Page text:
Quantum reality doesn't exist until we're looking at it........
That's the view of most physicists these days. Until something is being observed, it doesn't exist, and the observer, it would seem, has to conform to certain constants and constraints before becoming adept/conscious/sentient enough to qualify as an observer. Such as being - a person, maybe? Or something with a brain? Something like us, surely, some higher form of life to look down on the lowly nanoscopic world and be able to judge whether a table is one or not.
Long ago there was a famous quantum question posed in bars and cafes - if a tree falls in the forest when no-one is there, does it make any sound? This soon became outdated when quantum questions posed by the likes of Schroedinger's cat came into public view, and right now public view seems wide open to the possibility that quantum physics has something important to say, at some point in time.
Reading Quantum by Manjit Kumar, I'm tracing the trail of quantum realisation through the stories of all the famous scientists in the early 1900s who collaborated to create what became known as 'quantum mechanics'. It's abundantly clear that getting hung up on the math was a good thing, for without their devotion to the equation none of the properties of quanta would have been realised. But when we come down to the argument between Heisenberg and Schroedinger over wave-particle duality and uncertainty, you can get the distinct feeling that someone's missing something here. Okay, an electron (or photon, or quark, or anything else small enough to qualify as the bedrock of reality) is both particle and wave at the same time, so it's placement in space (position) can't be ascertained at the same time as the speed it's travelling at (velocity) because the math doesn't let one be known at the same time as the other. The scientists scurried back to laboratories and libraries to argue the toss between theory and experiment, but as Schroedinger's cat is about to step into/out of the box (which is about where I'm at in the book) they've just dumped matrix mathematics (which is apparently extremely complicated) in favour of Schroedinger's simpler wave equations when computing what atoms and their components do. Is it a wave or a particle and when is it one or the other and how can that be?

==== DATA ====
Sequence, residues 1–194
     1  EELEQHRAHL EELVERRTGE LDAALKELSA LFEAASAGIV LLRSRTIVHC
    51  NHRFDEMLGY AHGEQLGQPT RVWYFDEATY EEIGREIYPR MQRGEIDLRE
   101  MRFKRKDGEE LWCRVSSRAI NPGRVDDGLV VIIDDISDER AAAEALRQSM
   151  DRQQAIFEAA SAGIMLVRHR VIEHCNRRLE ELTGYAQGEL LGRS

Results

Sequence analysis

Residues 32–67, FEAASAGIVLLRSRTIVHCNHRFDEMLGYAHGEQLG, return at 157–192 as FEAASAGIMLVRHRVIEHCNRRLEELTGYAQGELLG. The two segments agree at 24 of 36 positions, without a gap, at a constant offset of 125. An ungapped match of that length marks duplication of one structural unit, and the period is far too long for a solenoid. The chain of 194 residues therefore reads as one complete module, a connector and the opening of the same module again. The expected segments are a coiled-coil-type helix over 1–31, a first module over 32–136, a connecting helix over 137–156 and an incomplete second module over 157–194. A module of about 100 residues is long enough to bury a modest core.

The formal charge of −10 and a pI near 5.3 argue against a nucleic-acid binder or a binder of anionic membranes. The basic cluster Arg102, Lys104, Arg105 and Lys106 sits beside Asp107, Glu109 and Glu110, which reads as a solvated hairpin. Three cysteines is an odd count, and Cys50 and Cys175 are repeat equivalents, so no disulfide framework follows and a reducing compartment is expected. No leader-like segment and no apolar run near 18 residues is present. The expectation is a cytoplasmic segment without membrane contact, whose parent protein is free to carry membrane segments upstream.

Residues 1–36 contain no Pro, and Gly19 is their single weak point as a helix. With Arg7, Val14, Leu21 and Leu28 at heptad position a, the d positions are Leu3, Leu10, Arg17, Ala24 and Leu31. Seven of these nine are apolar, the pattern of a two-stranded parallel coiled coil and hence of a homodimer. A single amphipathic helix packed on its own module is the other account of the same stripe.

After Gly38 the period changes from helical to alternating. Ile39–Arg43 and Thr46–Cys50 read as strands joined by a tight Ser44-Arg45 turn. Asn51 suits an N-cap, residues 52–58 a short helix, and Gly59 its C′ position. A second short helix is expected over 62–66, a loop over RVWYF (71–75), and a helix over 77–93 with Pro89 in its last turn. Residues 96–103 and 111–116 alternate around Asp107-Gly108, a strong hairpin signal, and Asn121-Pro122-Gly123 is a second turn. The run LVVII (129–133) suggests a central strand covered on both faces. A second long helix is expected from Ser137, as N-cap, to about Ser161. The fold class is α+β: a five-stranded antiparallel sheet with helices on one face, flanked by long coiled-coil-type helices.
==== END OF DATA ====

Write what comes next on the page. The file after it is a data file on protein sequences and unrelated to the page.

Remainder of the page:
Maybe the answer to that is really, really easy. Maybe wave is the formation everything takes until the moment of realisation when its a particle. That means that we are all waves just a nanosecond ago and in a nanosecond from now there's every likelihood your wave will become particles again but depending where you are in the room or the forest or the bath, your position will have changed slightly and so all the bits that make you up become particles in that space you then occupy. A little like being in a permanent Star Trek transporter beam you don't actually know you're in. We therefore wander about as waves thinking we are particles all the time, because the only time we are particle in nature is in the Now.
This has nothing to do with our observation per se, but everything to do with the big question of who observes what. Einstein grumbled in 1924, "I find the idea quite intolerable that an electron exposed to radiation should choose of its own free will, not only the moment to jump off [its energy level in the atom], but also its direction. In that case, I would rather be a cobbler..."
Double slit would seem to suggest that quantum particles do indeed make decisions, based on factors we can't possibly determine unless we were to be in there in that field with them. But just as we don't know we're waves because to all outer appearances we are particles, there's no reason to suggest even the most intellectual electron is any better off than we are.
Kathy is the author of Quantumology. She met quantum mechanics in 1997 and pledged allegiance to its sources thereafter. These are her personal thoughts and testimonies. For professional testimonials please see Programmes.